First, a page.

A protected area within the Nasca World Heritage Site in Peru that has experienced apparent disturbance between two different observations by NASA's Uninhabited Aerial Vehicle Synthetic Aperture Radar (UAVSAR). a) Google Earth image © 2015 Digital Globe image showing an area within the site traversed by dirt roads, power lines and geoglyphs. b) Calibrated correlation image from NASA's UAVSAR overlaid in Google Earth. Black corresponds to decorrelation, typically due to disturbance between the two observations (March 2013 and March 2015), while grey and light grey correspond to areas with minimal decorrelation. This image shows three unpaved roads within the protected portion of the Nasca World Heritage Site that have been disturbed, probably due to vehicular traffic, plus evidence of erosion along what is usually a dry creek bed in the center middle of the image. The power lines are in the upper right hand portion of the image, where the decorrelation stands out due to the movement of the power lines between observations. The white line indicates 100 meters. North is up.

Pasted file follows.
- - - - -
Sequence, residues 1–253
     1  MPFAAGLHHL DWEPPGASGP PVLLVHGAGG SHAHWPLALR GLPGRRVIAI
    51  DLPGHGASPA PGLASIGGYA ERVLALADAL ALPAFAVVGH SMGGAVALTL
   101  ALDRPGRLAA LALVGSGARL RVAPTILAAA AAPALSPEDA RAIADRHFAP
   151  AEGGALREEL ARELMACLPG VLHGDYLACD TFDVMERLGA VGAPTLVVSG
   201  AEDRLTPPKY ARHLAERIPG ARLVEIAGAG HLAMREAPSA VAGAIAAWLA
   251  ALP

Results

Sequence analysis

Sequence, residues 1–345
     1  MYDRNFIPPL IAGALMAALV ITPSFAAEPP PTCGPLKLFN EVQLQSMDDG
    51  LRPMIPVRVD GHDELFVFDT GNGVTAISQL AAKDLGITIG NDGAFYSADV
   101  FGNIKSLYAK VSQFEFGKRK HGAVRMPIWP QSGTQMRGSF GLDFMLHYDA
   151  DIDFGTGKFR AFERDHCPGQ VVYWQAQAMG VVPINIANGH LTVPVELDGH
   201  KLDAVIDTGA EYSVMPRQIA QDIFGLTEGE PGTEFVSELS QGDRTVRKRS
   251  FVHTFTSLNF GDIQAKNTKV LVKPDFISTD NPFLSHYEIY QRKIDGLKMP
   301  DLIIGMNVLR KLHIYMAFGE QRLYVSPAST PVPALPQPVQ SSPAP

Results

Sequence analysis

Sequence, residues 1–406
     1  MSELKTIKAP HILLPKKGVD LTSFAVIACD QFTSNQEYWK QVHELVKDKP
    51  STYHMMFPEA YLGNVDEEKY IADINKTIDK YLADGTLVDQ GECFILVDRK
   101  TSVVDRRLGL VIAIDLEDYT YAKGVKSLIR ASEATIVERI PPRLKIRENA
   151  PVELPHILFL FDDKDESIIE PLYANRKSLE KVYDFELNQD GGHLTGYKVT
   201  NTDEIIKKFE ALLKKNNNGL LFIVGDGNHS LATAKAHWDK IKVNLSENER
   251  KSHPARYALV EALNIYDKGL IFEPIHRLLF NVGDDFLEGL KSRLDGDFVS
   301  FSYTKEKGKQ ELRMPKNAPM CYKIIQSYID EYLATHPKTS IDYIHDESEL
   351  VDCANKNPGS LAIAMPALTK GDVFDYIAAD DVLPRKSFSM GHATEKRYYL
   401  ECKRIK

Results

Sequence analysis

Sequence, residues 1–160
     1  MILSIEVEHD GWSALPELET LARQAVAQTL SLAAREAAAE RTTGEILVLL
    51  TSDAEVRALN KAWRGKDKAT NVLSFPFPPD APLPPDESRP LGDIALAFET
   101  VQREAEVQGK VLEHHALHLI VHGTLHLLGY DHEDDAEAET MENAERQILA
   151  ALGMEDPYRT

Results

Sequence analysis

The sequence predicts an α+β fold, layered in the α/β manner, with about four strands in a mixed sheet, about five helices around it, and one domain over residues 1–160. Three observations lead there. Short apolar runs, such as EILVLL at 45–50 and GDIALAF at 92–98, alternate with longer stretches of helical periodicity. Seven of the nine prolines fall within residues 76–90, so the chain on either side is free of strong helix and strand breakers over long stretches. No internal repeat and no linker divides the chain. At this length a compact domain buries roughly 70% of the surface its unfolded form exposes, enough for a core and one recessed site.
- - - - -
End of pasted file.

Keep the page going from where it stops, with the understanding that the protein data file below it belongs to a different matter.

NASA's Uninhabited Aerial Vehicle Synthetic Aperture Radar (UAVSAR), developed and managed by the Jet Propulsion Laboratory, Pasadena, California, can record changes on the ground beneath the aircraft that occur between multiple flights, which take exactly the same flight path. The instrument is used to monitor how volcanoes, earthquakes, and other natural hazards are changing Earth. Principal investigator Bruce Chapman of JPL noted that UAVSAR is ideally suited for observing the Nasca site because the region has virtually no vegetation and receives no rainfall whatsoever in most years, meaning that natural disturbances are minimal.